Daily Mail

Ladies’ lava­to­ries win listed sta­tus


FROM the vote to equal pay, fem­i­nists have faced many bat­tles. Now one of their more unusual vic­to­ries is to re­ceive of­fi­cial recog­ni­tion.

The 1899 Bank Hill toi­lets in Ber­wick upon Tweed, Northum­ber­land, and the 1904 lava­to­ries on the Se­aburn seafront in Sun­der­land have won Grade II-listed sta­tus as early ex­am­ples of ladies’ loos.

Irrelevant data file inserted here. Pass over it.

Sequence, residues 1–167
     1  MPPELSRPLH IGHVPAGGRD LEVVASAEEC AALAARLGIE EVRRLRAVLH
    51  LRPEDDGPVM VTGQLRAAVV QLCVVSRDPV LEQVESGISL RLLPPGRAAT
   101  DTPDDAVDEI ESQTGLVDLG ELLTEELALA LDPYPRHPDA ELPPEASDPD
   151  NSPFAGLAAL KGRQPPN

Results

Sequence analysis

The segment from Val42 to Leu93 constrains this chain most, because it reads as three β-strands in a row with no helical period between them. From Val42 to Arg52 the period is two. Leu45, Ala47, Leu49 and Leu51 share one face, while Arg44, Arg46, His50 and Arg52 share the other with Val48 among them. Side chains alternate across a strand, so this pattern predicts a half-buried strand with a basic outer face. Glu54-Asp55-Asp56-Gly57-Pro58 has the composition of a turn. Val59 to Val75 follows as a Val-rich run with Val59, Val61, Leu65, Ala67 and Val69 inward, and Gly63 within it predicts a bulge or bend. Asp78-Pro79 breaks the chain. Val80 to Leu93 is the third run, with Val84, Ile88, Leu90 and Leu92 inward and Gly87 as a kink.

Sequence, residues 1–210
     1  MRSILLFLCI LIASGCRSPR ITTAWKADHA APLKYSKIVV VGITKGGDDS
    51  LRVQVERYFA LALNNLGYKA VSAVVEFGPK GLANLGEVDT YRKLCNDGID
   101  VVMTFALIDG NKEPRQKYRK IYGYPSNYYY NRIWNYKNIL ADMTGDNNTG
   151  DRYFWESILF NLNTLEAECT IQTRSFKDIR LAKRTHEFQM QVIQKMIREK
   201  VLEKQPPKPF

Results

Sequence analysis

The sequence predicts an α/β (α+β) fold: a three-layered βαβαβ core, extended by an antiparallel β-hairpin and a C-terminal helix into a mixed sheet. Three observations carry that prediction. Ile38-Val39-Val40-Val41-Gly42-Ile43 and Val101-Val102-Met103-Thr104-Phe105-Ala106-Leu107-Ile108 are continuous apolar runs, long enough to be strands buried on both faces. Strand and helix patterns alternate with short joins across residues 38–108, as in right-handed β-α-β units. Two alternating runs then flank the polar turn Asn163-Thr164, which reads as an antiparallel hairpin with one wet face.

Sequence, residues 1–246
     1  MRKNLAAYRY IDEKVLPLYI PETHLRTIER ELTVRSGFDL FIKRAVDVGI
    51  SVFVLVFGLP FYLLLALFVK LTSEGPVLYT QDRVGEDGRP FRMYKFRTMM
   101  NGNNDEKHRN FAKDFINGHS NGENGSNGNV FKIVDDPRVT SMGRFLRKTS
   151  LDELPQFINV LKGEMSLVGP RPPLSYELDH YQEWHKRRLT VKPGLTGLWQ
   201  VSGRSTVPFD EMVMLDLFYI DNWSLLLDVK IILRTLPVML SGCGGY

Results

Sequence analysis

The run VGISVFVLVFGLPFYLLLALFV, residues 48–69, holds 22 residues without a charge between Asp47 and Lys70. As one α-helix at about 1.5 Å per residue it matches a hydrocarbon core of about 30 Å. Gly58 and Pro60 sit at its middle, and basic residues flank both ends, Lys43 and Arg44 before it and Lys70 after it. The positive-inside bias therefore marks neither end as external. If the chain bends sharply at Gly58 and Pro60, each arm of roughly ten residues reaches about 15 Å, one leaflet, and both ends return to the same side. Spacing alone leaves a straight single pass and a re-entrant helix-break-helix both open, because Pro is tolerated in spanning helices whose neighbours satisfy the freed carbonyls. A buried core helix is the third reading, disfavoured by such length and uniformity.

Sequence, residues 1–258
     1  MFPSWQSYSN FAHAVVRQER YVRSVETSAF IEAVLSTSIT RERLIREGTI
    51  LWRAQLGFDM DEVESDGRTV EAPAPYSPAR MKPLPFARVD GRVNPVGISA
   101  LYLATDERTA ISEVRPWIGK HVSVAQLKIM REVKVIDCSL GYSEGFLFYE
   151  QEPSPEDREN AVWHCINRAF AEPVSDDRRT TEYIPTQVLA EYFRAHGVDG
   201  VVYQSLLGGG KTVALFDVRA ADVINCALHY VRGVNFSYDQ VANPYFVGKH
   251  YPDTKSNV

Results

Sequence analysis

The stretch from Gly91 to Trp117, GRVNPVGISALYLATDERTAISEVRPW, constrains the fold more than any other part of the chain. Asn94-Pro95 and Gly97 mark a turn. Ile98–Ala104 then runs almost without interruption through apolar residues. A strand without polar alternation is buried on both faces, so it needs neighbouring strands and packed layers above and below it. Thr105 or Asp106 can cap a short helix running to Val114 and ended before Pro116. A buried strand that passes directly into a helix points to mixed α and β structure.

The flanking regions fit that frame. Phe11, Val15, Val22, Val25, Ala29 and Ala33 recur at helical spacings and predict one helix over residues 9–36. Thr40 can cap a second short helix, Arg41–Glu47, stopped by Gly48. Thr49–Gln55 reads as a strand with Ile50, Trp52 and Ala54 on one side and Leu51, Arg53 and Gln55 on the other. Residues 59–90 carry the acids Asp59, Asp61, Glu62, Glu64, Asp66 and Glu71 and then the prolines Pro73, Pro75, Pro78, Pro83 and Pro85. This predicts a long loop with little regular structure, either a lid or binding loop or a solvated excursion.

The first pub­lic toi­lets opened in the second half of the 19th cen­tury but were strictly for men only. Vic­to­rian ladies were thought too mod­est to an­swer the call of na­ture away from home.

Some saw the lack of pro­vi­sion as a cyn­i­cal ploy to pre­vent women from stray­ing too far from their houses – a restric­tion known as the ‘uri­nary leash’.

Deb­bie Mays, of His­toric Eng­land, said the toi­lets rep­re­sent the ‘open­ing up of a world of new leisure and work opportunit­ies pre­vi­ously un­avail­able to women.’

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